I had really envisioned this as more of a solo adventure than a group event, but it seemed like a fun idea to have some others along for the send-off. Especially if, in the future, the experience would help Roy to start leading horseback-riding tours like this and make some sort of business out of it. In fact, if that’s all that came out of this whole Gringo on Horseback trip, then I’d be a happy rider.
We arrived just before sunset at a small Finca on the top of a hill overlooking Camoapa. It’s called the Finca Agroturistica Santa Matilde, which rests, as a local told me, “in the skirt of the Cerro Mombacho.”
I spoke at length with the proprietor over a few cold Toña’s and he told me of his plans to eventually have up to 20 rooms to rent, as he proudly walked me around the property showing me the pool, the Evangelical Church, and the still unfinished rooms.
The sun was setting behind distant mountains with a soft orange glow and we stopped to watch the lights of Granada begin to glow as the last of the natural light slowly disappeared.
I have never seen more sunsets than in my time in this country, and have come to firmly believe that watching a day start and end keeps you in tune with the passage of time and the rhythm of nature. I don’t know about you, but I feel more in-sync when I look out over a distant horizon and I really can’t imagine myself living in a large city again.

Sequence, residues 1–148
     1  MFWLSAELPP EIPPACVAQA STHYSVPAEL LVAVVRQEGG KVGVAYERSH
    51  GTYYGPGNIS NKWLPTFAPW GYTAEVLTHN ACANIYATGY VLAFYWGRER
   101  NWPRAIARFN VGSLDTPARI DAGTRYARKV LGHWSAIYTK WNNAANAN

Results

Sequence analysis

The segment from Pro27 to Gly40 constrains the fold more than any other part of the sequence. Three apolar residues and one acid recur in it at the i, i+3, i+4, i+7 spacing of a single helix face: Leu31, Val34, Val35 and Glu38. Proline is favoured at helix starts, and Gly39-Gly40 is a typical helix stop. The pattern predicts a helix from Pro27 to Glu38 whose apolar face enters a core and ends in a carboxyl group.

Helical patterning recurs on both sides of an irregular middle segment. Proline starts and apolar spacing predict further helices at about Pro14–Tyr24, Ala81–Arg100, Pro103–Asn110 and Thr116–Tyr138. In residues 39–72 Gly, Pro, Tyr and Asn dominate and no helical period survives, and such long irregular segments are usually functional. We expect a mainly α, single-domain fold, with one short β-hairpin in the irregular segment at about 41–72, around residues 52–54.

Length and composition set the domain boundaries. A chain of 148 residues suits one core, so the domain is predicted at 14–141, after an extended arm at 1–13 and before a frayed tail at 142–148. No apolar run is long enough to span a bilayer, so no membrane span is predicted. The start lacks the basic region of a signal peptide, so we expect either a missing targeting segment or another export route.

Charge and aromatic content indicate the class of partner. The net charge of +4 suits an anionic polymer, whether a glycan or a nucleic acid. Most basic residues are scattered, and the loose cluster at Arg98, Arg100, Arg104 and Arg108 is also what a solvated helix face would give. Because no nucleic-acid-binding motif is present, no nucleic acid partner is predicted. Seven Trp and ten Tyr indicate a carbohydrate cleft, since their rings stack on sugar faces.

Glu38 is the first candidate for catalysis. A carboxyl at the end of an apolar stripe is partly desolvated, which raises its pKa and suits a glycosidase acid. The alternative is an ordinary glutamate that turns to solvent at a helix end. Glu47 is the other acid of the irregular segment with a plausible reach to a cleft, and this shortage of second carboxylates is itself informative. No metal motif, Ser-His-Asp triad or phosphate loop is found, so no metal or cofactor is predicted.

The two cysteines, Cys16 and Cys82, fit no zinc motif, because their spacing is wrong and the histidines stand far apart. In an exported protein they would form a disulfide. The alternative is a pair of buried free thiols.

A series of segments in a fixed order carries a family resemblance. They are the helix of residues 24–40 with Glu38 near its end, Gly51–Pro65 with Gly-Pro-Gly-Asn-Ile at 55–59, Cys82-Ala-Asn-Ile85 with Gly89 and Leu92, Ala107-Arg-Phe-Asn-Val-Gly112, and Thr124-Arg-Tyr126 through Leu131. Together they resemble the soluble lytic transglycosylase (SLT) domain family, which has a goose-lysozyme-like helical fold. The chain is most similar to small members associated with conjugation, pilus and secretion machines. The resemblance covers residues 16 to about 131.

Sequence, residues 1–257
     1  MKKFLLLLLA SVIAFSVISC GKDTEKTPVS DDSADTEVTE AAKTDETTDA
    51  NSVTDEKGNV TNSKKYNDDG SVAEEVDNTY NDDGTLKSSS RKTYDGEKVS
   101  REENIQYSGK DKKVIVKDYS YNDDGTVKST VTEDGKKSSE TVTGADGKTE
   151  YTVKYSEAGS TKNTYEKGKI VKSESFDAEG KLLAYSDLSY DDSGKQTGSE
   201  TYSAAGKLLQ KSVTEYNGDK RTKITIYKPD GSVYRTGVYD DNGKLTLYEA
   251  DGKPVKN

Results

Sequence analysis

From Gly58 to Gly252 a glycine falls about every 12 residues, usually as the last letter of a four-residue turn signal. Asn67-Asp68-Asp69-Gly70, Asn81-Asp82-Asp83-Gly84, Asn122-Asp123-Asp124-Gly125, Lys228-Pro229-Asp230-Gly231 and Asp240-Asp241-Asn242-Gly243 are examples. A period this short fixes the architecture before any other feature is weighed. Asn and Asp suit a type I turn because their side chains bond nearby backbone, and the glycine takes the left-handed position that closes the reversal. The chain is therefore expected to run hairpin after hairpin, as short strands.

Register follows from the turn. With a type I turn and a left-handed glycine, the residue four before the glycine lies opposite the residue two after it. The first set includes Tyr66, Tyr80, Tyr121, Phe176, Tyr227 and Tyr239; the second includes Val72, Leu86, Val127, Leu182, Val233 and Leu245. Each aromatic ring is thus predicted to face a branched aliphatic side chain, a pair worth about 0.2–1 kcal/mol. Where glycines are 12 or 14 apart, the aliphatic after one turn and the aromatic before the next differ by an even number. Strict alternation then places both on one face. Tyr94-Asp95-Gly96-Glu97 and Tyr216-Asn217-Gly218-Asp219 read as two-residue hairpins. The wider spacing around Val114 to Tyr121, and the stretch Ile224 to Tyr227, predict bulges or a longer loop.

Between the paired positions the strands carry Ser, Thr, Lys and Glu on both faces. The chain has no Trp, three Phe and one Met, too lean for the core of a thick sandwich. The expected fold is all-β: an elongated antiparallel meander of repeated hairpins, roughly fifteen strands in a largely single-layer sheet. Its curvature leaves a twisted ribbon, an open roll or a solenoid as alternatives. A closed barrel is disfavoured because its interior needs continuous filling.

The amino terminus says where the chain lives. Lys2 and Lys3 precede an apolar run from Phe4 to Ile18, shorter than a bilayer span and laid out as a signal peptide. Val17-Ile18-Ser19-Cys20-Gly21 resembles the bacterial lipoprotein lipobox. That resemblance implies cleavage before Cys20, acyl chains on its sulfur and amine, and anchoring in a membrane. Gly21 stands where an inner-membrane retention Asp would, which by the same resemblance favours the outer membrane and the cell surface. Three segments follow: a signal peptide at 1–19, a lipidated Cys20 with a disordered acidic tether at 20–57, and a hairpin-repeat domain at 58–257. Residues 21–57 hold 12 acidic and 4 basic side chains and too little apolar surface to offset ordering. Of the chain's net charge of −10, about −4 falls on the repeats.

Now the temperature drops quickly when the sun goes down in Camoapa, and I was actually cold. So we decided to light a fire. The kids roasted marshmallows and laughed, while the men talked of cattle farming and horses until it was time for bed.
I woke at 5 a.m. the next morning and spent the predawn talking with this woman named Dina Reyes, who had lived and worked in the U.S. for a number of years. Dina had saved her dollars there and recently “retired” back to Nicaragua to a finca purchased with her hard-earned money.
Now she is a female rancher—a real renegade in male-dominated cowboy country. The people all describe her as a man, she told me, with no shortage of pride. She’s a strong woman, quick with a smile, a deep laugh, and eyes you can trust. I liked her a lot and before leaving, she passed me her contact details in case I ever wanted to pass by and see, how a “cattle ranch is run by a woman.”
At 6 a.m. we left the hotel to begin our trek. Roy’s students included the lovely Inguun from Norway, her precocious 10-year-old daughter Pilar, and sweet Maurita from Managua.